That’s right, it’s been nearly 13 years since the Blazers were outscored 31-13 in the fourth quarter, shot just 22% from the field, and squandered a 15-point lead in Game 7 of the Western Conference Finals to a Los Angeles Lakers team on the verge of 3 consecutive titles. Since then, they’re 7-22 in the postseason, tallying 6 first-round exits amidst 7 playoff-less years … and I’ve had it.
Many of you are quick to point out the freakish injuries responsible for this subpar stint, with your finger aimed squarely at the ghost of Greg Oden and sheepishly towards the cartilage – or lack thereof – in the knees of one Brandon Roy. But the time for self-pity is no more, and it’s time to start holding this franchise accountable for the mediocrity it’s been providing us with for the better part of this century.
We – and I use that term loosely – have an all-star power forward. We have a potential franchise point guard.
We have young and athletic wings. And we have an owner with the money to clear the obstacles that the majority of “small-market-teams” can’t get over or around. Yet, for the 13th consecutive season, I’m watching teams like Indiana (without any discernible stars), Memphis (minus a true superstar), and Golden State (lacking the veteran leadership thought to be vital) making the type of runs through the playoffs we used to habitually see in the Rose City.
True, this team lacks depth. True also, they lack the size in the middle to protect the rim and clean up the boards during crucial offensive possessions late in games. But those are the realistically acquired pieces opposed to the more difficultly acquired ones (stars) that Portland already has in place.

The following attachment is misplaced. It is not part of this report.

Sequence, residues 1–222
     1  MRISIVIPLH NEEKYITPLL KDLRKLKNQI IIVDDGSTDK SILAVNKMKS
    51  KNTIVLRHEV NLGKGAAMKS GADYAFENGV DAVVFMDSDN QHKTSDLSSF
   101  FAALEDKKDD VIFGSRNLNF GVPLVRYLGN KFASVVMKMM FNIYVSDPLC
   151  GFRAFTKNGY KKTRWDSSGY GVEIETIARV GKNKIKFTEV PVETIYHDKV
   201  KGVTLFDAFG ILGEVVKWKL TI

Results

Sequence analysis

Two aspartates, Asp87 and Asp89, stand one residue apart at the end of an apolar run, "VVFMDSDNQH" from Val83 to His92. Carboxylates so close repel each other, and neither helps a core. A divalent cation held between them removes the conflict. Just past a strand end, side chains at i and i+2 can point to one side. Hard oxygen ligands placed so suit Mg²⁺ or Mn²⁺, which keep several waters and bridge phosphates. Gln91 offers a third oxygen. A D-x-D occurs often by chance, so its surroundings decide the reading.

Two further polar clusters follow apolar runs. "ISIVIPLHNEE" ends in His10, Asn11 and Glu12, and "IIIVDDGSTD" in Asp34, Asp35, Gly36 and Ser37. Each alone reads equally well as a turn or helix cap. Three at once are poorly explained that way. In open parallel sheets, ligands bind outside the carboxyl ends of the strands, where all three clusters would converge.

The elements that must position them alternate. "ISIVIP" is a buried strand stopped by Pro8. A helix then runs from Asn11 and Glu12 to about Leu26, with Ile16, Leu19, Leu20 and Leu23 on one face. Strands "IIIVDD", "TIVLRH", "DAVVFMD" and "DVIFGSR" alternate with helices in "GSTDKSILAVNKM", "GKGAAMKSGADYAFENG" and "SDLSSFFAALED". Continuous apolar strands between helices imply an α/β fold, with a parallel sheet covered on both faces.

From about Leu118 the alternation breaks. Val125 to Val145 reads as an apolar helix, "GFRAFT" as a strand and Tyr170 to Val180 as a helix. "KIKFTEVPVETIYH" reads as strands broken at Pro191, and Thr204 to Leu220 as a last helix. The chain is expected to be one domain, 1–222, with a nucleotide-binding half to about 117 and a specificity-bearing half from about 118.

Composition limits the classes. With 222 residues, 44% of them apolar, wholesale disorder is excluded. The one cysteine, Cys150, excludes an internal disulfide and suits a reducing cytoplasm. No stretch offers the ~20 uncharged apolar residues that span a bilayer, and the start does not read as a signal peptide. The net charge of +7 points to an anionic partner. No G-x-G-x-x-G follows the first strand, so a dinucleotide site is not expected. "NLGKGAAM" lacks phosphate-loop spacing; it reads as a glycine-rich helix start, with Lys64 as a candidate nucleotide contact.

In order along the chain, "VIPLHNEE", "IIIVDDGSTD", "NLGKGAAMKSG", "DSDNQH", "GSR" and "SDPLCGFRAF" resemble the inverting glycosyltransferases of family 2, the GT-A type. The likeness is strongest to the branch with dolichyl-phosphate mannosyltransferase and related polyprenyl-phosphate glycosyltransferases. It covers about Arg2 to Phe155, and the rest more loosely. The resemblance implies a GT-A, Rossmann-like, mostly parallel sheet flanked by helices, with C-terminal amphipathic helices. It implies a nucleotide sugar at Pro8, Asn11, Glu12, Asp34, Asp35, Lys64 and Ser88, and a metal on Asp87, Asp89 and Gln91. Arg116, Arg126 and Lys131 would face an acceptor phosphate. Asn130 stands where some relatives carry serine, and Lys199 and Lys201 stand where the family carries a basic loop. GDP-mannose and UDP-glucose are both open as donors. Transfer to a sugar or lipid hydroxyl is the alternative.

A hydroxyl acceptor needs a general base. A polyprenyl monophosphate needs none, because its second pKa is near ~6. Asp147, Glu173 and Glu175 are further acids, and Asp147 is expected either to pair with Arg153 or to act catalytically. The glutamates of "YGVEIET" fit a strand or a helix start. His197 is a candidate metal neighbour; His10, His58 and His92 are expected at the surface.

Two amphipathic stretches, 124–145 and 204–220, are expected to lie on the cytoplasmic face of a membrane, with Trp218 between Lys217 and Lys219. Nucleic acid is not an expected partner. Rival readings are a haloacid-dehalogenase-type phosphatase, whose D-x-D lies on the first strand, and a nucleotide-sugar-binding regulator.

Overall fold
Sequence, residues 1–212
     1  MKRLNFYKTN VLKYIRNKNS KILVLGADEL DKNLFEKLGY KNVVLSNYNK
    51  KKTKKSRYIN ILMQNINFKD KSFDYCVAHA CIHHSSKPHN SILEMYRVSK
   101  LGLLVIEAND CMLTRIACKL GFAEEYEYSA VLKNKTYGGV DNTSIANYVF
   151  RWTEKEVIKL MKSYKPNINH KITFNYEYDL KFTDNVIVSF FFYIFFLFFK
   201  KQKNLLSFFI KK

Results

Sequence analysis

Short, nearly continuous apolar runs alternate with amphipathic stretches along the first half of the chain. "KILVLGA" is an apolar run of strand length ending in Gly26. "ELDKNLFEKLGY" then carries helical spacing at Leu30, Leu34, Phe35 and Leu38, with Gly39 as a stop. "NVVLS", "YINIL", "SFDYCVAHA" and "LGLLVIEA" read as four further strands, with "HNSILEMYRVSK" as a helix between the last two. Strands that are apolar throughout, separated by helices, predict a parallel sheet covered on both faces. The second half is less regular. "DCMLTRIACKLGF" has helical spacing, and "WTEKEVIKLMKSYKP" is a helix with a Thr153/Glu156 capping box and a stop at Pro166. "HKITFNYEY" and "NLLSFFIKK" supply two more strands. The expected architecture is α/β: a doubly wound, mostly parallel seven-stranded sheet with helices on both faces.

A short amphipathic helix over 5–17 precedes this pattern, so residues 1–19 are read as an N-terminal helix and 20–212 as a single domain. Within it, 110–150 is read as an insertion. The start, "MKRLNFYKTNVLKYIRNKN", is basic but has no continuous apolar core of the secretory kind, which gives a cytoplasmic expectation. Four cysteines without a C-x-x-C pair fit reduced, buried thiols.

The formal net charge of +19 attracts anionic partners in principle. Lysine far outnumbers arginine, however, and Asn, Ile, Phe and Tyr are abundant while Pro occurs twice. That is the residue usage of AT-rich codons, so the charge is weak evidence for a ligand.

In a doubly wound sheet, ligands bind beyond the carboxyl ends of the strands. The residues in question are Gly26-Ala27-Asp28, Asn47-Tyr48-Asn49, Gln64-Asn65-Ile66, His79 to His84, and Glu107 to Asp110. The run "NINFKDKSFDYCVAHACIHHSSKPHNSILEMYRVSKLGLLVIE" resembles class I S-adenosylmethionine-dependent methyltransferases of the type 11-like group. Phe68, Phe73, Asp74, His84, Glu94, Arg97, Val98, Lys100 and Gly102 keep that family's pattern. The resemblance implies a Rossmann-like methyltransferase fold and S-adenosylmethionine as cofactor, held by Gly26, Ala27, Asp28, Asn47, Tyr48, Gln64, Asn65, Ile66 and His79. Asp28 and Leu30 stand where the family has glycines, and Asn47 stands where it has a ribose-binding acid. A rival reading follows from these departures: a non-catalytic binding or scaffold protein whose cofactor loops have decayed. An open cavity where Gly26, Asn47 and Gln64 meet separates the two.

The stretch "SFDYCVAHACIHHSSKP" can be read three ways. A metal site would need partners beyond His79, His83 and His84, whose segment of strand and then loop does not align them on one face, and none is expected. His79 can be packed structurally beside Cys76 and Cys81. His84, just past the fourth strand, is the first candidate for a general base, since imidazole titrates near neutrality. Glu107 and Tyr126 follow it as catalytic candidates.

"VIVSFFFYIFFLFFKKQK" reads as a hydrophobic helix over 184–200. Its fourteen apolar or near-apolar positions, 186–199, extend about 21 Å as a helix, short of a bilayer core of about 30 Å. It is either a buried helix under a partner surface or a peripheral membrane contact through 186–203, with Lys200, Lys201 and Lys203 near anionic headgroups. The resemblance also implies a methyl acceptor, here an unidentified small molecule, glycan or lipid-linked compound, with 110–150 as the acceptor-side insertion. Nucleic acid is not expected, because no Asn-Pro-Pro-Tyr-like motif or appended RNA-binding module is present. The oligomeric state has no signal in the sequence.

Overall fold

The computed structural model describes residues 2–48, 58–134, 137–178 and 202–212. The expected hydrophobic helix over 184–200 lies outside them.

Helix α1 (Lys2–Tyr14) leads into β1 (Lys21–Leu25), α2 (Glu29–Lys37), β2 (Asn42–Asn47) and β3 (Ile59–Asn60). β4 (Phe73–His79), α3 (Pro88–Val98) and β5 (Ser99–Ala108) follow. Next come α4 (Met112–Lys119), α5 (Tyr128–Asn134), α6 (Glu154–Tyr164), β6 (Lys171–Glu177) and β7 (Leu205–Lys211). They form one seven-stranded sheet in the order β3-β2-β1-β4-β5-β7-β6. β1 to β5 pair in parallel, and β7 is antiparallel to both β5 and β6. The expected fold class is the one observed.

It’s hard to find “stars,” but depth and role players are the responsibility of a sound front office, and the jury’s still out on General Manager Neil Olshey, Assistant GMs Bill Branch and Steve Rosenberry, and the scouting staff responsible for evaluating the talent best-suited for this particular team. LaMarcus Aldridge, Nicolas Batum, and now Damian Lillard are the cogs of a potentially very good team, but without another scorer, a viable bench, and a role player or two, this franchise will continue to leave us wanting what Indianapolis, Memphis, and even perennial doormat Golden State have come May and June and that’s not right.
It’s time our stars start acting “as if” rather than telling us they are. Batum needs to stay on the court. Injuries are becoming a habitual problem for the 5th year player and he’s overdue regarding “making a difference” for this team. Aldridge needs an aggression transplant. Talent will only take you so far, and this team needs more than his talent to get where it wants to go. And Lillard, while exceptional in year one, must become the leader in year two that the aforementioned seem incapable of becoming.
The Blazers aren’t good enough. That shouldn’t be news to anyone who has or does follow this team. But it should be old news for those same followers sooner rather than later. The last decade of relative futility, coupled with the dark cloud of misfortune which has spent the better part of the last 5 years drenching us with calamity, has lulled us all to sleep. Expectations have eroded to an unacceptable level and it’s this city’s job to communicate to the powers-that-be that the status quo won’t work … not anymore.
Get better; that shouldn’t be too much to ask, nor is it out of line to expect. It’s been 13 seasons since that ill-fated day in Los Angeles and it’s time for this franchise to start a new clock, and its fans to make sure they do it.
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